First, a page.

vyaktāvyaktam idaṁ viśvaṁ
yatra bhramati lohavat
nimitta-mātram—remote cause; tatra—then; āsīt—was; nirguṇaḥ—uncontaminated; puruṣa-ṛṣabhaḥ—the Supreme Person; vyakta—manifested; avyaktam—unmanifested; idam—this; viśvam—world; yatra—where; bhramati—moves; loha-vat—like iron.
My dear Dhruva, the Supreme Personality of Godhead is uncontaminated by the material modes of nature. He is the remote cause of the creation of this material cosmic manifestation. When He gives the impetus, many other causes and effects are produced, and thus the whole universe moves, just as iron moves by the integrated force of a magnet.
How the external energy of the Supreme Personality of Godhead works within this material world is explained in this verse. Everything is happening by the energy of the Supreme Lord. The atheistic philosophers, who do not agree to accept the Supreme Personality of Godhead as the original cause of creation, think that the material world moves by the action and reaction of different material elements. A simple example of the interaction of elements occurs when we mix soda and acid and the movement of effervescence is produced. But one cannot produce life by such interaction of chemicals. There are 8,400,000 different species of life, with different wishes and different actions. How the material force is working cannot be explained just on the basis of chemical reaction. A suitable example in this connection is that of the potter and the potter’s wheel. The potter’s wheel rotates, and several varieties of earthen pots come out. There are many causes for the earthen pots, but the original cause is the potter, who sets a force on the wheel. That force comes by his superintendence. The same idea is explained in Bhagavad-gītā—behind all material action and reaction there is Kṛṣṇa, the Supreme Personality of Godhead. Kṛṣṇa says that everything depends on His energy, and yet He is not everywhere. The pot is produced under certain conditions of action and reaction of material energy, but the potter is not in the pot. In a similar way, the material creation is set up by the Lord, but He remains aloof. As stated in the Vedas, He simply glanced over it, and the agitation of matter immediately began.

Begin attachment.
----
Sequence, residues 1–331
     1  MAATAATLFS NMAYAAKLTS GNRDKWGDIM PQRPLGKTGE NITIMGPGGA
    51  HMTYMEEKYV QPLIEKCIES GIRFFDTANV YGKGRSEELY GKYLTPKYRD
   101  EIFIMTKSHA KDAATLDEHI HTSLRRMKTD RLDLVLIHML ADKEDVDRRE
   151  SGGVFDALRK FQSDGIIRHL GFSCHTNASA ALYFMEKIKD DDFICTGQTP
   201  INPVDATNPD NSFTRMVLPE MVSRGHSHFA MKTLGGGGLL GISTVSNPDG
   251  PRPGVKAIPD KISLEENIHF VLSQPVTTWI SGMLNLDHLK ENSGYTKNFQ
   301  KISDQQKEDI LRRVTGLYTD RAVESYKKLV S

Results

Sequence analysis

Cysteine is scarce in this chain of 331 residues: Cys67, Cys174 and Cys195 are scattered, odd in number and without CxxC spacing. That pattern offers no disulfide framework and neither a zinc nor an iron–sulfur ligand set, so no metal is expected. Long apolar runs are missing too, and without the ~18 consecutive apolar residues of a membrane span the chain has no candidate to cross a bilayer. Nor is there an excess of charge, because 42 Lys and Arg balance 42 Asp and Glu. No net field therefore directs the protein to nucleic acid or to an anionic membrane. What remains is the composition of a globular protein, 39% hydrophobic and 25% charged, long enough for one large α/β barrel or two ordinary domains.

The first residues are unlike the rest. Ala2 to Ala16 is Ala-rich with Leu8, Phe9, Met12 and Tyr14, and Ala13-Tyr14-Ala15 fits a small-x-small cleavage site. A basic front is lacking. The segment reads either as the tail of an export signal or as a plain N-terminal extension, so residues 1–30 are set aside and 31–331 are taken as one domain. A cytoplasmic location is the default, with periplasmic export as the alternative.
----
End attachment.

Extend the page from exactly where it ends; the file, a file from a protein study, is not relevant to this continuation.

In Bhagavad-gītā it is also said that the Lord impregnates the material energy with the part-and-parcel jīvas, and thus the different forms and different activities immediately ensue. Because of the different desires and karmic activities of the jīva soul, different types of bodies in different species are produced. In Darwin’s theory there is no acceptance of the living entity as spirit soul, and therefore his explanation of evolution is incomplete. Varieties of phenomena occur within this universe on account of the actions and reactions of the three material modes, but the original creator, or the cause, is the Supreme Personality of Godhead, who is mentioned here as nimitta-mātram, the remote cause. He simply pushes the wheel with His energy. According to the Māyāvādī philosophers, the Supreme Brahman has transformed Himself into many varieties of forms, but that is not the fact. He is always transcendental to the actions and reactions of the material guṇas, although He is the cause of all causes. Lord Brahmā says, therefore, in the Brahma-saṁhitā (5.1):
There are many causes and effects, but the original cause is Śrī Kṛṣṇa.
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